CHECK, PLEASE! also encourages audience participation in the way that only a webcomic could. Bitty has his own Twitter account (managed by Ukazu, of course) where he adds new plot and character info via tweets and even responds to readers’ questions. This makes the characters feel significantly more real, allowing fans to follow Bitty’s growing romance with team captain Jack Zimmerman over the years as if it’s happening in real time.

Subsequently, CHECK, PLEASE! has a huge fan following online. In fact, Ukazu’s two Kickstarter for print editions of the comic each raised quadruple the funds it was originally going for. If you enjoyed supporting Craig coach his soccer team in DDADDS, here’s a comic all about sporty guys and the men they love.

CHECK, PLEASE! is still ongoing (though close to completion). You can find the whole comic online here, and you can get the first print volume here.


Image courtesy of E.K. Weaver.

Another series with a fun, gay take on macho tropes is E.K. Weaver’s webcomic THE LESS THAN EPIC ADVENTURES OF TJ AND AMAL. Sometimes referred to as “<EPIC,” this comic is a road trip story with two traveling companions who fall in love. One of our heroes is Amal, a med student who just broke off his marriage and came out as gay to his parents. After getting disowned, he gets super drunk, meets up with a mysterious vagrant named TJ, and decides to drive cross-country with him. They follow a real route, and the artwork details tons of actual locations you can visit in the U.S.

<EPIC starts out with a coming-out plot (a tired cliché in gay media); however, it quickly switches genres to bring all the gay subtext of buddy comedies to the surface. The characters have some great interactions and a solid friendship as a base for whatever relationship they choose to take. If you’re a sucker for bromance-turned-romance, take a look at THE LESS THAN EPIC ADVENTURES OF TJ AND AMAL.

THE LESS THAN EPIC ADVENTURES OF TJ AND AMAL finished its story in 2014. You can find the whole comic online here. The story has also been collected into three volumes and an epilogue comic, plus an omnibus. Check it out at the online store.

READ: For more on TJ AND AMAL, take a look at our interview with E.K. Weaver!

5. THE WICKED + THE DIVINE by Kieron Gillen and Jamie McKelvie

Image courtesy of Image Comics.


Though more serious than the rest of the comics on this list, THE WICKED + THE DIVINE is a fantastic comic. Published by Image with writing by Kieron Gillen and art by Jamie McKelvie, THE WICKED + THE DIVINE is a series about deities reincarnated in human form. These twelve gods, called The Pantheon, take on human lives once every 90 years, granting the humans they merge with superpowers and pop star fame. However, they each only have two years to live.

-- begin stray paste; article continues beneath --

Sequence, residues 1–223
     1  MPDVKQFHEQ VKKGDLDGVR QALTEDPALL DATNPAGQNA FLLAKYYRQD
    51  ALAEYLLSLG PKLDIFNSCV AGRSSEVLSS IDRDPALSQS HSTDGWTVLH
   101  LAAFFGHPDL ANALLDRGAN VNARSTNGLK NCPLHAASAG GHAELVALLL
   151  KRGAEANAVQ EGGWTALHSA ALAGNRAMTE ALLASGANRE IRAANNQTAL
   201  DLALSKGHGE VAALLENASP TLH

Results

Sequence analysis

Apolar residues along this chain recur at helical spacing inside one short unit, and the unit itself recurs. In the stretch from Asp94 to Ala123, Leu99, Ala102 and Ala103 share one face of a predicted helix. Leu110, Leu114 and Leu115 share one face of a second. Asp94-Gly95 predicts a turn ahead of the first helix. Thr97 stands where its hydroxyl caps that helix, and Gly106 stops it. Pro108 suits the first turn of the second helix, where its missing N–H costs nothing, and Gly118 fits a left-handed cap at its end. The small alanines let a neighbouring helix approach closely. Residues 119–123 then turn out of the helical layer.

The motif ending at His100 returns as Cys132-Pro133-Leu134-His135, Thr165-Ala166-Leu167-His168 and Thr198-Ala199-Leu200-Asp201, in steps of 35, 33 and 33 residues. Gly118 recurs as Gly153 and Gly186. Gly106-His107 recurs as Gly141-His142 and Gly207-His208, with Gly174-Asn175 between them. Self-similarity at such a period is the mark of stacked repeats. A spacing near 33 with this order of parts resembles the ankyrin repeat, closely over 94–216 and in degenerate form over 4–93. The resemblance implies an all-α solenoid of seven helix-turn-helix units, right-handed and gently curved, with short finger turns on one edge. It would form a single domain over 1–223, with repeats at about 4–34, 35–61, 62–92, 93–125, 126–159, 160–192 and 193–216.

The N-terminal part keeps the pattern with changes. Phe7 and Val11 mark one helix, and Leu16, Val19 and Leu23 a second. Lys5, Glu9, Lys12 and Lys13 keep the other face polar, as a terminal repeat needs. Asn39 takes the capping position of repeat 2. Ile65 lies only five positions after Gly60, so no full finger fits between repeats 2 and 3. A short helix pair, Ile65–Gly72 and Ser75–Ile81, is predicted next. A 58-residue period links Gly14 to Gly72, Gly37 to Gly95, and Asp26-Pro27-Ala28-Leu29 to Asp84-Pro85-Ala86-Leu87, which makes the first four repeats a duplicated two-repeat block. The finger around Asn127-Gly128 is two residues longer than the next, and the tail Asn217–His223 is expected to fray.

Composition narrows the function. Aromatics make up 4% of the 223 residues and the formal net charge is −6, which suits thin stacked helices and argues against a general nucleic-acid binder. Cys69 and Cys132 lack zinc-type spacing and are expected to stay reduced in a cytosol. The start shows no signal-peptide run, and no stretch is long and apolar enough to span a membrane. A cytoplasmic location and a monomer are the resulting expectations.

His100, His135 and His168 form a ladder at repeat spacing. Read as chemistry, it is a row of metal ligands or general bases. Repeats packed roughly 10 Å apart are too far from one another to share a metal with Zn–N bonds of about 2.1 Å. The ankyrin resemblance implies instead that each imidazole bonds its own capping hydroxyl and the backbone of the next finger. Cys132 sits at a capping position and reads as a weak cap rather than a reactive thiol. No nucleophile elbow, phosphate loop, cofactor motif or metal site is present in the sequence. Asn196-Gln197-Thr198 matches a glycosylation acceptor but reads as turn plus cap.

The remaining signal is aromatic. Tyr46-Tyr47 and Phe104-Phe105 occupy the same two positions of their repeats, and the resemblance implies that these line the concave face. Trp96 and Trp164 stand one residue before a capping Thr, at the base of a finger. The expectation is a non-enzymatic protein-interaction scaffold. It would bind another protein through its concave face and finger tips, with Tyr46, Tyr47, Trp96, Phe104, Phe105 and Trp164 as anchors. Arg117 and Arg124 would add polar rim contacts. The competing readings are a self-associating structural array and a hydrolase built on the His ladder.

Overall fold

The series has received a lot of praise for its numerous LGBTQIA+ characters. Some of the gods and goddesses have reincarnated to a different gender. They often play around with gender and sexuality, as can be seen in the Prince-esque Inanna, a glam male incarnation of the Sumerian goddess. Over the course of the comic, many characters have hooked up with people of multiple genders, and most of the Pantheon does not label their sexuality. If you loved the fluid identity of the player character in DDADDS or if you enjoyed Mat’s concert dates, you should check out THE WICKED + THE DIVINE. We could always use more queer and trans characters rocking out on the concert stage.

THE WICKED + THE DIVINE is ongoing, with 31 issues out so far. You can collect all the issues or the five published volumes from Image’s website here.

READ: Here’s why you should be reading THE WICKED + THE DIVINE!

Honorable Mention: SCOTT PILGRIM by Bryan Lee O’Malley

Image courtesy of Oni Press.

Ok, so SCOTT PILGRIM isn’t anywhere near as gay as the others, but I’m putting it here anyway. Bryan Lee O’Malley’s SCOTT PILGRIM series, published by Oni Press, is a romantic comedy that follows video game logic. The title character, Scott, must defeat his love interest Ramona’s seven evil exes in combat in order for the two to date. It’s absurd: when beaten, enemies release coins, and you can gain psychic powers by going vegan.

SCOTT PILGRIM has a quirky, bizarre sense of humor that I have rarely seen elsewhere — except for DDADDS, which has it in spades. Both series play around with the video game format. There are booming announcer voices with ridiculous comments. Completely mundane activities like playing the bass or bragging about your daughter become actual battles. There are even spoofs of the concert scene, with silly band names like PILGRIM’s Sex Bob-omb and the Skammunist Manifesto in DDADDS.

Especially if you enjoy Mat’s route in DDADDS, you will love SCOTT PILGRIM. Even if you don’t read the books, at least see the movie, SCOTT PILGRIM VS. THE WORLD. It’s not quite as good since the books force Scott to take accountability for his crappy actions. However, the film captures the tone and humor of the comics perfectly, so it’s a wonderful intro to the series.

The final volume of SCOTT PILGRIM (SCOTT PILGRIM’S FINEST HOUR) was published in 2010. The series spans six volumes, and there are full-color variants of each volume. You can find the SCOTT PILGRIM books here.